’s hot, and
the DJ on the radio agrees.
“It’s so hot outside that my only suggestion is you stick your head out the window of a moving car and sing this!”
Immediately, Jordin Sparks starts complaining that there’s “No Air.”
The Bay Area is tinted the color of baked clay with all the smoke from California’s usual summer forest fires. Sweat trickles down the back of my neck and it’s only a quarter to . I’m trekking up three trolley-stuffed blocks to the University Club on Powell Street, just a stone’s throw from West Coast shopping Mecca, Union Square
On the vaulted University Club’s fourth floor, I’ll soon receive an unexpectedly bone-crushing handshake from CDV Software Entertainment’s Ted Brockwood, PR Account Manager for the video game publisher’s North American branch.
I thank Ted for the invitation to CDV Editors Day ’08, and that’s when I realize that I need to develop a much firmer handshake the next time I meet him.
He’s ready to talk shop, but I’m already eyeballing the oversized hi-def screens positioned around the room.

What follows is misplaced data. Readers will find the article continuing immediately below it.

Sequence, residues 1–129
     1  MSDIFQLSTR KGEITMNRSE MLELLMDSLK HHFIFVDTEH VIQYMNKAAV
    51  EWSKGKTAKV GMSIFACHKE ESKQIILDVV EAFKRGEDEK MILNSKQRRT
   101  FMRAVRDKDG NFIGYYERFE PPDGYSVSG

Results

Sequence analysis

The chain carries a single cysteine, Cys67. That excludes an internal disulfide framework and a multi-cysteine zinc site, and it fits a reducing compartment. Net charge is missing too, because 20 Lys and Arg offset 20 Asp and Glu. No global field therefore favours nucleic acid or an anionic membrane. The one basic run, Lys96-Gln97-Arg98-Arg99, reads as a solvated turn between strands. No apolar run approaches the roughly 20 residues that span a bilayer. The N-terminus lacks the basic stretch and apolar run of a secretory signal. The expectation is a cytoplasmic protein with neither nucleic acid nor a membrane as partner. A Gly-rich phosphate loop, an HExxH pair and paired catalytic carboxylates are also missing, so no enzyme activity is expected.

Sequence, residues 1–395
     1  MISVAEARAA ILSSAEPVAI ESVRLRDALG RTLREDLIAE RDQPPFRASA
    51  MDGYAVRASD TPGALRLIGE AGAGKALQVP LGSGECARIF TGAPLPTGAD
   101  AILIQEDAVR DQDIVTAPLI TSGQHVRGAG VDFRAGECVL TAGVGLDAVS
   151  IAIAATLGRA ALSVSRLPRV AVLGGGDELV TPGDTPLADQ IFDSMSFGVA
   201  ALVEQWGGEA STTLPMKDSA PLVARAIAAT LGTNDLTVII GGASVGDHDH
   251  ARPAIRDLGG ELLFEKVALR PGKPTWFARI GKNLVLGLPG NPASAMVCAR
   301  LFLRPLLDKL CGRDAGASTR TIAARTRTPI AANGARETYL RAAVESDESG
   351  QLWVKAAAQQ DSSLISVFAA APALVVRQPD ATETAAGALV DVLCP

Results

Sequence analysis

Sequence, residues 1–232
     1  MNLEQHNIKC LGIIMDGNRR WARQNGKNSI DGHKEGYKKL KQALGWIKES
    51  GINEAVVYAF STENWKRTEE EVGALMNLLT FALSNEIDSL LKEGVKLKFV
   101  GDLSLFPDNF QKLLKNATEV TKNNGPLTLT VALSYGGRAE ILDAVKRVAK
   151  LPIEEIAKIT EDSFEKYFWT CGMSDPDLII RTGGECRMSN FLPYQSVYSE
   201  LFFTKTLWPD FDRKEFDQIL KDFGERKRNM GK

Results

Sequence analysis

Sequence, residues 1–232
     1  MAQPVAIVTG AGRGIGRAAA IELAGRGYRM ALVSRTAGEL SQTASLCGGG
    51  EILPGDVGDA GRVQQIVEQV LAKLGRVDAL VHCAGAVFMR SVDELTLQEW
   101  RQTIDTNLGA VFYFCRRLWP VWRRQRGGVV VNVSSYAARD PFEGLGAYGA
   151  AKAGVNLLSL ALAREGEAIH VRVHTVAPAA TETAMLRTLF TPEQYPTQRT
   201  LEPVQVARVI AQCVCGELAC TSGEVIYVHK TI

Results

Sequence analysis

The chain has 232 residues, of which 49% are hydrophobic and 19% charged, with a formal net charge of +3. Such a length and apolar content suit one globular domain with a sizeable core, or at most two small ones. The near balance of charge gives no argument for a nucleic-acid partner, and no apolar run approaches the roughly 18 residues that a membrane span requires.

Representatives from PC Gamer, IGN, 1UP, and Destructoid are filtering in, and everyone’s making requisite commentary about the hilly climb.
Ted’s got bigger fish to fry, and I’m about to entrench myself in hours of hands-on time with Sacred 2: Fallen Angel, today’s center-stage beauty from German developer Ascaron...
Ascaron is first and foremost a PC developer. This is their maiden voyage into console development, although an immense portion of the game is already stable enough to allow dozens of players to teleport at will across its 22-square-mile map. (For comparison’s sake, Oblivion’s map was 16 square miles.) That’s not including two more levels of wormy underground tunnels in the Sacred land of Ancaria
Early reports stating that Sacred 2’s underground levels “double” the size of the map are grossly exaggerated, but there’s no doubt that the dozens of cavern entrances make for plenty of spelunking opportunities.
Additionally, every square inch of the topographically-dynamic map is handcrafted.
Every swaying pine, every frog pond, every stretch of beach sand, and every hillside hike is carved, placed, stretched, shrunk, and smoothed into place, one piece at a time.
No overrated random dungeons here.
By nightfall, a full workday later, QA and Customer Support Manager Mike Tata (pronounced Tay-tuh) has already had a long day, not to mention the even longer days he’s had leading up to this event.